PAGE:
The study was reviewed and approved by the Institutional Review Board of the studied hospital.


Phase 1 Results

Between October 1st, 2010 and September 30th, 2015, TB (ICD-10 code A15–A19) was diagnosed in 8,521 patients. Of these, 245 were HCWs; however, 59 were given the wrong ICD codes, 20 were diagnosed before the study period or before working at the hospital, and 11 records were missing. Forty-six cases of LTBI were excluded. Finally, a total of 109 cases were included in the study.

Most of the HCWs with tuberculosis were female (71.6%). One-third were health management and other support staff (30.3%), followed by nurses (25.7%) and support staff related to patient care (23.9%). The median age was 32.9 years old, IQR 29.5–43.9 years old. One-half had worked for less than five years (50.5%), and most had no underlying health problems (64.2%) (Table 1).

Table 1

Characteristics of TB-infected hospital workers.

Characteristics n % [95% CI]

   Female 78 71.6 [63.1, 80.0]
   Male 31 28.4 [20.0, 36.9]
Age (years)
   Median 32.9, IQR 29.5–43.9
   20–29 31 28.4 [20.0, 36.9]
   30–39 44 40.4 [31.2, 49.6]
   40–49 18 16.5 [9.5, 23.5]
   50 and over 16 14.7 [8.0, 21.3]
Years in service (years)
   Median 4.8, IQR 1.8–15.0
   Less than 5 55 50.5 [41.1, 59.8]
   5–10 18 16.5 [9.5, 23.5]
   More than 10 36 33.0 [24.2, 41.9]
Underlying disease
   Immunocompromised 22 20.2 [12.6, 27.7]
   Immunocompetent 14 12.8 [6.6, 19.1]
   None 70 64.2 [55.2, 73.2]
   Unknown 3 2.8 [–0.3, 5.8]
Job position
   Physicians 18 16.5 [9.5, 23.5]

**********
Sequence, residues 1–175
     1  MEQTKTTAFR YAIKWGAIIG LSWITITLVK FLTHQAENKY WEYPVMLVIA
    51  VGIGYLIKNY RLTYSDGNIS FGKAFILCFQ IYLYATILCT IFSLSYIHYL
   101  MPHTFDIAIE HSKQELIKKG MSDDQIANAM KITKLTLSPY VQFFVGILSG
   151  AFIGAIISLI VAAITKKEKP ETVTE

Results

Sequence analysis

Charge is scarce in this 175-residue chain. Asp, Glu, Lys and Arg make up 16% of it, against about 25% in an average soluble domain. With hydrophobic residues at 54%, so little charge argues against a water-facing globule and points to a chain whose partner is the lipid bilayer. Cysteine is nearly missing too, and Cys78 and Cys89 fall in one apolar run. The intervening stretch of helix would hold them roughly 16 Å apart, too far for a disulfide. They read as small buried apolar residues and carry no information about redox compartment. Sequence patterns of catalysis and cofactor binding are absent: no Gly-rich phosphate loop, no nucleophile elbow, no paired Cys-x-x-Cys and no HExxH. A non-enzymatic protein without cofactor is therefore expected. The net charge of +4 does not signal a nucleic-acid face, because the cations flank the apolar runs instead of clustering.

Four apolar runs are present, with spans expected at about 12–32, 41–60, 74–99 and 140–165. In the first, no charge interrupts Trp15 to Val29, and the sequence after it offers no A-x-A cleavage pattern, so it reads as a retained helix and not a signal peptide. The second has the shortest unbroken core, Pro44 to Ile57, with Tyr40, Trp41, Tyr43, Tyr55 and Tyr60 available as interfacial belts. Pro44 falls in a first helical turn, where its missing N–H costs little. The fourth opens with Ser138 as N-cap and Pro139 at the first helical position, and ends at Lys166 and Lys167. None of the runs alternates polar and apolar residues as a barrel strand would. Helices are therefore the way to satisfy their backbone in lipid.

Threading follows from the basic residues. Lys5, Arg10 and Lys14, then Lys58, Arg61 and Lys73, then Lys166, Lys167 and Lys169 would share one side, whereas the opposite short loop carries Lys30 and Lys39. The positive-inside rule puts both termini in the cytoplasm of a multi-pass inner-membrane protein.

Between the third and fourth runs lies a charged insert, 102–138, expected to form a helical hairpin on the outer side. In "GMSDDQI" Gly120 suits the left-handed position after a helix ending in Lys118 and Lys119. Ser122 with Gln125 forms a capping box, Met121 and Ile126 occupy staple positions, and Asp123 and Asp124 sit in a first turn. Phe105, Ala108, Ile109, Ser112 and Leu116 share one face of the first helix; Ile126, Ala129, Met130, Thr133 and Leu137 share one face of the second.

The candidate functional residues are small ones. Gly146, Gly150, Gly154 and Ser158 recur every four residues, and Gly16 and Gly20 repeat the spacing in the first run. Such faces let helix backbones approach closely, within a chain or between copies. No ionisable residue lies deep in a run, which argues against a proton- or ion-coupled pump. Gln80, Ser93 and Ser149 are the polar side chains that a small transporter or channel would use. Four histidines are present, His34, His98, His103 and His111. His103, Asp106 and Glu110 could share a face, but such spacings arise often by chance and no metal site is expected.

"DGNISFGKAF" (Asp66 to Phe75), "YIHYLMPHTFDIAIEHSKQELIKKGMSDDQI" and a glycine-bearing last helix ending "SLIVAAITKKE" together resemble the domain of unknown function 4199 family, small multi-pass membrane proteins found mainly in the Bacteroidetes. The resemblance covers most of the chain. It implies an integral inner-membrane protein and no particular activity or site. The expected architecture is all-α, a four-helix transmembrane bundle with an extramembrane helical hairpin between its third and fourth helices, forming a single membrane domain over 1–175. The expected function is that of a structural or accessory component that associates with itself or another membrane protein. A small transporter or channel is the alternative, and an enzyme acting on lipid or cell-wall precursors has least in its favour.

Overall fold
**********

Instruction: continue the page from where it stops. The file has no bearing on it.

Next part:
Nurses 28 25.7 [17.5, 33.9]
   Pharmacist 4 3.7 [0.1, 7.2]
   Support staff related to patient care 26 23.9 [15.9, 31.9]
   Health management and other support 33 30.3 [21.6, 38.9]

When compared with total number of each gender, male staff had higher proportions of TB infection than female. The average TB infection rate in males was 3 per 1,000 persons (95% CI, 2–3); whereas, in females, it was 2 per 1,000 (95% CI, 1–3). The pharmacist position had the highest proportion of personnel with TB (Table 2). The second and third highest were support staff related and not related to patient care accordingly. Physicians and nurses were the fourth and fifth. Almost all of the infected physicians were residents in various training programs (72.2%).

Table 2

Pooled rate of TB infection among hospital workers categorized by job position.

Job position per 1,000 employees [95% CI]

Physicians 2 [1, 3]
Nurses 1 [1, 2]
Pharmacists 6 [0, 13]
Support staff related to patient care 3 [2, 4]
Health management and other support 2 [1, 3]

The incidence of newly diagnosed TB infection among all HCWs were 2.04, 1.97, 2.85, 2.53, and 1.35 per 1,000 persons in fiscal year 2011, 2012, 2013, 2014, and 2015, respectively (Figure 1). The 5-year average rate of active TB disease was 2 per 1,000 persons. The majority of the cases in every year were pulmonary TB (Figure 2), 78% of total cases (Table 3). Most of the cases with pulmonary TB had their sputum sent for AFB stain (81.2%), but only 18.8% of them had positive results. Sputum cultures were also sent for 78.3%, and 44.4% of them had Mycobacterium tuberculosis growth. Among extrapulmonary TB cases, one had multidrug-resistant TB.

Figure 1 

Rate of TB Infection among HCWs at Ramathibodi Hospital.

Figure 2 

Types of TB Infection among HCWs at Ramathibodi Hospital.

Table 3

Types of TB diseases.

Type n % [95% CI]

Pulmonary TB 85 78.0 [70.2, 85.8]
Extrapulmonary TB 24 22.0 [14.2, 29.8]
     Pleura 8 7.3 [2.4, 12.2]
     Lymph node 7 6.4 [1.8, 11.0]
     Peritoneum 1 0.9 [–0.9, 2.7]
     Ileum 1 0.9 [–0.9, 2.7]

Standard drug regimen (2HRZE+4HR) was mostly given to cases with TB disease (60.6%). Overall, 83.5% of HCWs with TB completed their treatment and follow up, and 15.6% had recorded adverse effects from TB medications.

Phase 2 Results

In fiscal year 2015, 39 HCWs were diagnosed with or treated for new onset TB. However, two had resigned from the hospital, nine refused to give interviews, seven were unreachable by phone, and one had symptoms before working at the hospital. Twenty HCWs with TB were interviewed between December 2015 and January 2016.